SLAC’s ‘boom’

I had to do some research on playwright Peter Sinn Nachtrieb not only because I had never heard of him before, but also because I was intrigued by his mind after I saw a Salt Lake Acting Company production of his genuinely thoughtful and yet hysterical play boom. I can’t remember the last time I had seen such an outside-the-box kind of play — uncannily insightful, outlandishly poignant — an oxymoronic dream.

Nachtrieb is a gay 30-something San Franciscan whose writing style rests mainly on wild, free-thought, according to an article in American Theatre Magazine. Margot Melcon wrote: “Nachtrieb writes plays with an everything-and-the-kitchen-sink approach; he throws a lot at the wall to see what will stick;” and “ … he is turning out a stream of bright, focused, bitingly witty and deeply human new plays for the American stage.” I couldn’t agree more, and yes I have only seen this one play, but that’s how affected I was by it.

Salt Lake Acting Company, like I, was also a Nachtrieb virgin — this being their first Nachtrieb production, and they give it due justice, along with that SLAC flair that so many have come to love. Performed in the intimate Chapel Theatre on a simple set, designed by SLAC Executive Producer Keven Myhre — a timpani drum, a makeshift monitoring unit, a couch, some exposed piping, a fish tank and a row of lockers — the play is a “weird” comedy that begs the question “why are we here?” It’s chalk-full of inventive ideas, quick wit and expletives.

A young, eccentric science-geek ( more accurately, marine biologist), Jules (David Fetzer), runs an ad seeking a fleeting sexual encounter. Jo (Emily Burnworth), a journalism student, responds to the ad and meets Jules at his underground lab/abode. Jo’s eagerness to bed Jules is expressed in a vigilante manner that forces Jules to admit he’s a homosexual … although he’s never slept with a woman or a man.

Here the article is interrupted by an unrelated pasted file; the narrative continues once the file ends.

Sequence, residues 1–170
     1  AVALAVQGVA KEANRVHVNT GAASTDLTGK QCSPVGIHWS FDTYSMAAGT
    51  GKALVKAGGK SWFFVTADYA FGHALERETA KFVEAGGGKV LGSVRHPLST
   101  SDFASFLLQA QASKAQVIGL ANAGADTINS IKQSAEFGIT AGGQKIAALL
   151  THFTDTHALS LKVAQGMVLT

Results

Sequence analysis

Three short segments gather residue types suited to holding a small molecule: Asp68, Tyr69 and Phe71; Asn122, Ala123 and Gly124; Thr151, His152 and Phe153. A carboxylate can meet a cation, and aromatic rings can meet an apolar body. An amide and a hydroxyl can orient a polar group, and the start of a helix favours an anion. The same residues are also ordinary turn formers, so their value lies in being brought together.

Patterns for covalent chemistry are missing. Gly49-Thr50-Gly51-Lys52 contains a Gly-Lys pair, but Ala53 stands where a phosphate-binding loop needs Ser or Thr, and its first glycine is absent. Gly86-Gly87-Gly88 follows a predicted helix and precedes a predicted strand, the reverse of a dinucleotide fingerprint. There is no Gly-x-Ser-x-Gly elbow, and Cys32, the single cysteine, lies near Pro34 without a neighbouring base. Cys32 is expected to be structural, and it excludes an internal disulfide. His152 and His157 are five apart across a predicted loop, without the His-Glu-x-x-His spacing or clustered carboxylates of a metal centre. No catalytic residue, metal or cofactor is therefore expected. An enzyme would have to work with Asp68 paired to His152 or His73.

“You don’t have gay eyes,” Jo says.

“I’m wearing contacts,” Jules replies.

Jo comes to realize she’s been lured to Jules’ love-den under false pretenses. His intense belief that a comet will soon strike the earth, obliterating all mankind (because of Dorothy, the fish) conjures a plan, or obsession — that is oddly bound for failure — to re-populate the planet.

To help the play’s plot is a zealous commentator (or tour guide) named Barbara (Holly Fowers) who not only offers insights and explanations, but also runs sound effects and lighting cues.

The role of Jules is dowsed in neurotic, comic dialogue and Fetzer doesn’t miss a beat. Burnworth is solid as the down-to-earth Jo. Fowers is hilarious in her exasperated monologues that include unique and animated gestures. In particular, Barbara’s conception monologue leaves you in tears of laughter … if you’re not easily offended. Director Robin Wilks-Dunn tightly weaves all the elements of this intelligent play, from the concepts of evolution and fate to the concepts of love and free will.

The play runs through Dec. 5, Salt Lake Acting Company, 168 W. 500 North. Call 801-363-7522 or visit

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